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Tomb of Absalom

The Tomb of Absalom (Yad Avshalom; literally meaning Absalom's Memorial), also called Absalom's Pillar, is an ancient monumental rock-cut tomb with a conical roof located in the Kidron Valley in Jerusalem. Although traditionally ascribed to Absalom, the rebellious son of King David of Israel (circa 1000 BCE), recent scholarship has attributed it to the 1st century CE.

Overview

Muslims gave the tomb the Arabic name Tantur Fir'aun (طنطور فرعون), "Pharaoh's Hat", due to the shape of its dome. Others explain the sense as meaning "Pharaoh's peak."

The Absalom's Pillar, a tomb in itself, also served as a funeral monument to the burial cave system located behind it, the "Cave of Jehoshaphat".

Architecture

circa 10 BCE

Facades
The tomb's exterior design features a Doric frieze (inspect) and Ionic columns (inspect), both being styles originating in ancient Greece and introduced into Judah during the Seleucid Empire, centuries after the death of Absalom. At the start of the 20th century, the monument was considered most likely to be that of Alexander Jannaeus, the Hasmonean king of Judea from 103 to 76 BCE. However, archaeologists have now dated the tomb to the 1st century CE.

circa 10 BCE

Interior
On the inside, the upper part of the monument is mostly hollow, with a small arched entrance on the south side set above the seam area (where the masonry part starts). Inside this entrance a short staircase leads down to a burial chamber carved out of the solid, lower section. The chamber is 2.4 metres (7 ft 10 in) square, with arcosolium graves on two sides and a small burial niche. The tomb was found empty when first researched by archaeologists.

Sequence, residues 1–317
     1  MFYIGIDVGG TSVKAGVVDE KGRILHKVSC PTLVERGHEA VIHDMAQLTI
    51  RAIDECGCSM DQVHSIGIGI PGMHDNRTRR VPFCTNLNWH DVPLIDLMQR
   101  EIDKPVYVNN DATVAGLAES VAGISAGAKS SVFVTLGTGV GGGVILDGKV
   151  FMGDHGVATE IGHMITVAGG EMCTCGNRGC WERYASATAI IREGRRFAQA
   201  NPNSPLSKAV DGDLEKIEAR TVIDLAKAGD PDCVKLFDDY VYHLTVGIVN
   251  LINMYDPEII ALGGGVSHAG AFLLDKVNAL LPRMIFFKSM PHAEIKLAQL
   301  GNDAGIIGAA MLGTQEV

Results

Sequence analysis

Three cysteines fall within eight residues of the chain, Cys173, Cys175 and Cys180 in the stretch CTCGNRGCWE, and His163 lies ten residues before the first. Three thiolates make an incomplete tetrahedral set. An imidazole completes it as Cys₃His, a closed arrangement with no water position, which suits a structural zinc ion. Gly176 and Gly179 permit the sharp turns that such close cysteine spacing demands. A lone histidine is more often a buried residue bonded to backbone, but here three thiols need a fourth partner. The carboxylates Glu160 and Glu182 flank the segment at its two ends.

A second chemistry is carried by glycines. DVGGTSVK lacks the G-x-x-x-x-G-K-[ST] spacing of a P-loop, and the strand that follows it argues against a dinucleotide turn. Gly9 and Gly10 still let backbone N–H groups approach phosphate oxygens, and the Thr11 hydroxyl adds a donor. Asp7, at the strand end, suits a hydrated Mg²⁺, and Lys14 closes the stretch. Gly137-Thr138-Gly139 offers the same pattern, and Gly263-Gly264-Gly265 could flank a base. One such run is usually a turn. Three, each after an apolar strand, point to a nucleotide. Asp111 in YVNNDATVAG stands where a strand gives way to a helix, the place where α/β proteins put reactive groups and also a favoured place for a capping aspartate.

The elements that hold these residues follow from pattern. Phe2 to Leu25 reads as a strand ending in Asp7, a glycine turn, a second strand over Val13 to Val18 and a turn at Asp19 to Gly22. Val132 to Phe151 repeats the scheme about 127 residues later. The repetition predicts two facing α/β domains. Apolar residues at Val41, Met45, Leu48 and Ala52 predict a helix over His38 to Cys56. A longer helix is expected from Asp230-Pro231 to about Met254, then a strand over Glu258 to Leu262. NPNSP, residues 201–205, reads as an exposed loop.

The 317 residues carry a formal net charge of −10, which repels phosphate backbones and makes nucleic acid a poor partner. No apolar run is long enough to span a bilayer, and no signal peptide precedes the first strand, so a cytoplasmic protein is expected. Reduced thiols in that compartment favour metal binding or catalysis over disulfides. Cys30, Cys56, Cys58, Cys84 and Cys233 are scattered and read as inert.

circa 10 BCE

Byzantine Inscriptions
In 2003, a 4th-century inscription on one of the walls of the monument was deciphered. It reads, This is the tomb of Zachariah, the martyr, the holy priest, the father of John. This suggests that it was the burial place of the Temple priest Zechariah, father of John the Baptist, who lived 400 or so years earlier than the inscription date. This inscription is part of a secondary usage of this monument during the Byzantine period, where Christian monks commemorated stories from the Christian Bible inside old Jewish tombs in the Kidron Valley. The Zechariah inscription has led to confusion with the nearby "Tomb of Zechariah", which commemorates a much earlier figure, the prophet Zechariah ben Jehoiada, according to local folklore; however, it is not a tomb and might also be a monument for the nearby burial cave of the priestly family of Hezir.

A second inscription of the same age discovered in 2003 says the monument is "the tomb of Simeon who was a very just man and a very devoted el(der) and (who was) waiting for the consolation of the people". The words describing Simeon are identical to those from Luke 2:25 as they appear in the Codex Sinaiticus, a 4th-century manuscript of the Christian Bible.

Cave of Jehoshaphat

circa 10 BCE

(Maarat Yehoshafat). Archeologically, the so-called "Tomb of Absalom" is not only a burial structure in its own right, with its upper part serving as a nefesh or funeral monument for the tomb in its lower part, but it was probably also meant as a nefesh for the adjacent burial cave system known as the "Cave" or "Tomb of Jehoshaphat" (peek inside), with which it forms one entity, built at the same time and following a single plan.

Gallery

See Also

References

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